Motorola introduced its new Mobile TV handset at the Mobile World Congress in Barcelona yesterday. The DH01n is a pocket sized device that combines a personal media player with advanced navigation capabilities, including 2D or 3D map views and voice-activated directions. ARTHUR GOLDSTUCK tries it for size …
‚Mobile TV is an emerging service that is going to happen. It’s not if, but when.”
Those are the confident words of Navin Mehta, vice president of Mobile TV and Applications Services, Home & Networks Mobility, Motorola, as he unveils his company’s first Mobile TV handset at the Mobile World Congress in Barcelona.
Navin Mehta discusses Motorola’s Mobile TV strategy
while the device in question lurks among the refreshments
The Motorola Mobile TV DH01n is a handheld device that looks more like a Nintendo DS Lite than a Motorola phone, which immediately begs the question: what else is packed in there?
A quick examination of the device reveals two side wheels and one corner button that give access to a mobile TV set, a GPS map navigation device, and a digital photo album. The options exist for watching stored video, video-on-demand and user-generated content.
I watch clips from the James Bond movie, Casino Royale, which are ideal to show off the quality of the widescreen LCD display and the stereo sound. I slip the device into my pocket ‚ purely to test how easily it fits into my pocket, you understand – but as I head for the door I am politely called back. Sheesh, that never happened to Tom Cruise in Mission Impossible. So it may not be invisible, but it slips easily into a pocket, which you can’t say about wall-sized plasma TVs ‚ yet.
That also neatly set the scene for Mehta’s rationale for the device: ‚Two consumer behaviours are driving Mobile TV. Firstly, taking the convenience of what they have on the Internet and TV and taking it mobile. This is not prime time broadcasting but ‘my time’ casting, any time and any place. And secondly, the need to locate where they are going when they are moving.‚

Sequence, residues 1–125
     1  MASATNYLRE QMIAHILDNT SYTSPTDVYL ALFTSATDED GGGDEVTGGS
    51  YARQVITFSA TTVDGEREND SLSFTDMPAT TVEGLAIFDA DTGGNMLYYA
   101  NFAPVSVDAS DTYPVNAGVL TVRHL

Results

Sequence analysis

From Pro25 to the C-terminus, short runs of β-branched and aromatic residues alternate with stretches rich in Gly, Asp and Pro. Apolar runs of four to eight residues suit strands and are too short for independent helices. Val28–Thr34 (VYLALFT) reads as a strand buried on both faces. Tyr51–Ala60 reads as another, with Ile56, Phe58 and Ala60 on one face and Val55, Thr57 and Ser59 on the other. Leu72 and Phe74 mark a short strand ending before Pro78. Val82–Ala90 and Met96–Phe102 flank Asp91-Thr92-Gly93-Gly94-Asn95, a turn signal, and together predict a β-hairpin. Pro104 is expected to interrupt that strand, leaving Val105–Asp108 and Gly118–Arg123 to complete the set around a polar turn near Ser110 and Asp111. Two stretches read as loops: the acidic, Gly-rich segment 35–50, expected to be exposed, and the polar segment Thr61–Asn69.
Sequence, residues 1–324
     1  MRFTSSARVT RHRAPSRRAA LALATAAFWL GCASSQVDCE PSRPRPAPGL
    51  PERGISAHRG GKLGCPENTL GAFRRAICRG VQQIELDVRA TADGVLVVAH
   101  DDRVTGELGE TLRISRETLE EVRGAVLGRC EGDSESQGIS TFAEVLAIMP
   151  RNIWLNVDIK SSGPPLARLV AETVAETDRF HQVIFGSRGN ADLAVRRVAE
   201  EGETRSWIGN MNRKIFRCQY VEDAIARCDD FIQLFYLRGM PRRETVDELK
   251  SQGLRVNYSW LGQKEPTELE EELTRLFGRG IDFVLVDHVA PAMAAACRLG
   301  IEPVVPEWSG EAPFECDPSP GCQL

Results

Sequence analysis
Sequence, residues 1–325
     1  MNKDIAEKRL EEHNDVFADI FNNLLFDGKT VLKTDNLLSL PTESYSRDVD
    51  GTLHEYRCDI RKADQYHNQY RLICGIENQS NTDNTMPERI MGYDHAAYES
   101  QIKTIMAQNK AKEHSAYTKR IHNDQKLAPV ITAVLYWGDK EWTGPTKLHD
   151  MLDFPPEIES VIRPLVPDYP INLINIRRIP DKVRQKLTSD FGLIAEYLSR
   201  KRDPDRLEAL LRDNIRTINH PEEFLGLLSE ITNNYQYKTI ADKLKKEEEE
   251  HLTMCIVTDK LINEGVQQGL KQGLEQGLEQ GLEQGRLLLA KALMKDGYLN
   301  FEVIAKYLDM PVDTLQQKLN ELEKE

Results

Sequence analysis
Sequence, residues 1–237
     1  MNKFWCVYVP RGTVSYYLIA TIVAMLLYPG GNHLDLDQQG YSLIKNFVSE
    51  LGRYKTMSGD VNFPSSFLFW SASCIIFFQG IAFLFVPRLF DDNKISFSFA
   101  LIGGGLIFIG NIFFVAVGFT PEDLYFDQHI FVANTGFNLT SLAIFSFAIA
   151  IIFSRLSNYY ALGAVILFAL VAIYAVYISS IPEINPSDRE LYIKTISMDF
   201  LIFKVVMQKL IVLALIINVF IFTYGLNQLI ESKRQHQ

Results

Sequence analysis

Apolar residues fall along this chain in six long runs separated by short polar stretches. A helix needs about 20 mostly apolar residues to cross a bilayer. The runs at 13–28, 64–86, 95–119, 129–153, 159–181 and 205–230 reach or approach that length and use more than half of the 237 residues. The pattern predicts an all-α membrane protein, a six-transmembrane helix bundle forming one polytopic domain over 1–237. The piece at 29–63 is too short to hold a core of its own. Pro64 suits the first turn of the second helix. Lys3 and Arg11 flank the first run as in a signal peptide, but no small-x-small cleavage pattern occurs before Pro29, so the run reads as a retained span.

The Motorola Mobile TV DH01n : I want my soccer and I want it live and I want it now…
That doesn’t mean you will be watching your choice of channels on Mobile TV tomorrow, though. There are still many hurdles to cross that are out of the hands of the manufacturers.
‚Mobile TV is spanning two industry segments: The broadcasters who own the content: and the consumers of the content, but from the mobile operators’ point of view,‚ says Mehta. ‚Sometimes, one of the factors that it depends on is not the technology used to deploy it but the cooperative relationships that exist between these two segments that are not used to working together. The structures created in this value system will have a much greater impact on the timing of Mobile TV than the technology.‚
Mehta foresees 2008 being a year of Mobile TV trials and testing of different standards by networks.
‚It’s a very fragmented market, so 2008 will be one of trials. There are 25 to 35 trials taking place, most of them at different stages of technology. There is no clear-cut winner when you look at the technology. Nobody knows who will win, and there are no guarantees of winners. It reminds me of old days of VHS and Betamax. VHS had the ecosystem of manufacturing and distribution even if it wasn’t superior technology. The players that match up better will be the winners.‚
The early experience in South Africa was not very encouraging for the networks, with Vodacom wrestling with pricing models and MTN with its positioning. Neither saw significant take-up.
‚We believe the demand is there, based on commercial launches in Europe and trials throughout the world, and we believe consumers want the service,‚ says Bilal Saleh, EMEA director of applications and mobile TV services at Motorola.
Bilal Saleh at the Mobile World Congress
Saleh says that business models are still being shaped, but that operators are meanwhile putting real money behind it. Regulatory issues are also being finalised, because of the broadcast license required, as is digital rights management ‚ an issue in most digital content areas.
‚The building blocks exist, but the question is what the final shape will look like. There is consumer demand for this service and it’s up to us, the industry leaders, to figure a way to bring this service to the masses at the best possible price. The set-top box is an entrance into the home, but this can be used to make content mobile.
‚Our business strategy is to straddle those two segments and their needs: broadcasters and operators. They eventually need each other. Our ecosystem is about how to manage those two segments and how to bridge that gap and how to make them both succeed.‚
Gadget asked Mehta to sketch out Motorola’s roadmap for Mobile TV.
He replied: ‚To increase the user experience and – without announcing anything now ‚ the next one could be touch screen capabilities. So more and more enhanced features and functionalities, centred on video. We believe video will be the focal point going into the future.‚
The Mobile TV DH01n also supports:
¬∑ High-quality live digital video broadcast over the DVB-H standard
¬∑ 90 minutes of video on a 256MB card
¬∑ Automatic channel scan and channel listing
¬∑ Personal content like video, music and pictures on SD/MMC cards
¬∑ Recording, pausing and playing back live TV signals with secure memory card support
¬∑ Four hours of playback time.
For more details on Motorola’s Mobile TV solutions, visit their Mobile TV sub-site.
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